When looking at discretionary spending on non-necessities, “beauty is one of the more essential of the categories,” said Jensen. “I don’t know how many people still really need to purchase footwear, over and above what they already own in their closets right now.”
Beauty is also an area where department stores have lost out in the past decade, despite their previous positioning as the main go-to destination for premium beauty products. They have ceded ground to Sephora and Ulta, especially missing out on beauty’s e-commerce boom. Between 2013 and 2019, department store beauty and personal care sales grew by 6%, a growth rate dwarfed by a 150% increase in total online sales for the category during the same time period, according to Euromonitor.
Specialty retailers have also been increasingly diversifying into beauty in recent years. These include Forever 21, labels under the Urban Outfitters umbrella including Urban Outfitters, Free People and Anthropologie, and J.Crew’s Madewell. In Urban Outfitters’ third-quarter earnings call in November 2019, CEO Richard Hayne called out beauty as a category that was performing well in comparison to fashion. But these retailers are a mixed bag for beauty brands during the shutdown.
Pai Skincare distributes to Anthropologie and Free People, and Brown said that the both Anthropologie and Free People are still placing replenishment orders for the brand. Free People and Anthropologie are both among its top 20 wholesale accounts. Hero Cosmetics’ sales at Anthropologie and Urban Outfitters have declined during the pandemic, but have remained steady at other retailers like Target, according to the brand’s co-founder Ju Rhyu.
Department stores’ efforts to win back beauty market share have included embracing buzzy emerging brands and launching new digital initiatives. Kohl’s launched its Beauty Checkout program to highlight emerging brands in partnership with Facebook in October 2019. But department stores have also invested heavily in now-unavailable physical store experiences. Nordstrom teamed up with Glossier for a pop-up in December 2019, but does not sell the popular DTC brand on its site. The department store’s new NYC flagship, which opened in October 2019, includes a two-level beauty department offering in-store services like Botox and other facial treatments. Saks Fifth Avenue and Bloomingdale’s have also revamped their beauty departments with service-heavy offerings in recent years.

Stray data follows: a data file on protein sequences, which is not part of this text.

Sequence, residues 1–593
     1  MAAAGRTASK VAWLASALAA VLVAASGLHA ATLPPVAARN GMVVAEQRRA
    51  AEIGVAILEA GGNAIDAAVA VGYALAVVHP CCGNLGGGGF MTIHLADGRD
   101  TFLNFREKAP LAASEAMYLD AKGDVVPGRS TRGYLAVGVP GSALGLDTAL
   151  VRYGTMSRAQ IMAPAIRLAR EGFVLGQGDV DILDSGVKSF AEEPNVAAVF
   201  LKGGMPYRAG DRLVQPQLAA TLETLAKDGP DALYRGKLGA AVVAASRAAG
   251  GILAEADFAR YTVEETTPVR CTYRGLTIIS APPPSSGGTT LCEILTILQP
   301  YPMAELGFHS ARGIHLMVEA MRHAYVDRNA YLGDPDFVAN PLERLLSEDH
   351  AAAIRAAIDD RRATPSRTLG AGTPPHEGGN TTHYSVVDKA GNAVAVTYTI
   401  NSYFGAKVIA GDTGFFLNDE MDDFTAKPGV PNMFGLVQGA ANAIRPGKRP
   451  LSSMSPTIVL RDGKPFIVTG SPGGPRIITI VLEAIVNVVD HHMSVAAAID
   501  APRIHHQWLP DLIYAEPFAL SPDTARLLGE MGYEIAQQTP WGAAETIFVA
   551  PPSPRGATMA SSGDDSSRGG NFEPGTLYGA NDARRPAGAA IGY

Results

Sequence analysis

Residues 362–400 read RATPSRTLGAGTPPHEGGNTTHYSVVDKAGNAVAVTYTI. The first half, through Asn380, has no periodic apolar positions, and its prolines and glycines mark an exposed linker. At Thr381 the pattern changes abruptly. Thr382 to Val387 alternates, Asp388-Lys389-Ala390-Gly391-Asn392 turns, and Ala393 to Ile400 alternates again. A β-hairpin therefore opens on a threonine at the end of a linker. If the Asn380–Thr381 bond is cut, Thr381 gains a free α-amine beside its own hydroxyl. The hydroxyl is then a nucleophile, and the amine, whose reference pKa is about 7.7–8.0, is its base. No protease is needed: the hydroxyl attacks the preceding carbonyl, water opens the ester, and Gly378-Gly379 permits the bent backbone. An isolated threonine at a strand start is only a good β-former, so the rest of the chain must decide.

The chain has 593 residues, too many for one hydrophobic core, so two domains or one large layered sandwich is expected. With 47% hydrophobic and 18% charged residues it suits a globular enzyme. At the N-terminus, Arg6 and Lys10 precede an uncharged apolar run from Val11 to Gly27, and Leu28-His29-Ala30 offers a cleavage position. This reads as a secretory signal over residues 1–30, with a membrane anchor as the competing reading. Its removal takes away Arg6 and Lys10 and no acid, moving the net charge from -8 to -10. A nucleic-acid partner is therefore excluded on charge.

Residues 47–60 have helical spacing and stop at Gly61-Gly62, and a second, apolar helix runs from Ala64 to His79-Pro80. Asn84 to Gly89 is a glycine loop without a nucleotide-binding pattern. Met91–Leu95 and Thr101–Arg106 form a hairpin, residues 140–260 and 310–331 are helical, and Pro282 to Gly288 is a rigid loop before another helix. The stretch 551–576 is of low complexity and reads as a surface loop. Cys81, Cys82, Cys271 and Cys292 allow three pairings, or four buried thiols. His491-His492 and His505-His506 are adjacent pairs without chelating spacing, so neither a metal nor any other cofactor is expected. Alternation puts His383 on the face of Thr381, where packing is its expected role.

It is clear from recent news that beauty alone will not save department stores.
For retailers that “entered this already in a precarious position — and this could be department stores; it could be any kind of retail environment out there — it’s going to be challenging to see how those come out on the other side,” said Jensen.
Macy’s revamped its store and e-commerce beauty experience in 2018. It had previously acquired luxury beauty and spa chain Bluemercury in 2015, but reportedly put it up for sale this month. Already struggling before the shutdowns, the department store chain announced in a press release on March 30 that it had “lost the majority” of its sales as a result of the pandemic, despite keeping digital channels open.
J.C. Penney, meanwhile, had adapted to the multi-brand beauty boom by leasing store spaces out to Sephora and selling through a Sephora beauty channel on its site. The department store is reportedly in “advanced talks” for bankruptcy filing.
“It’s getting a bit touchy, and some retailers, unfortunately, will probably not make it,” said Hakami.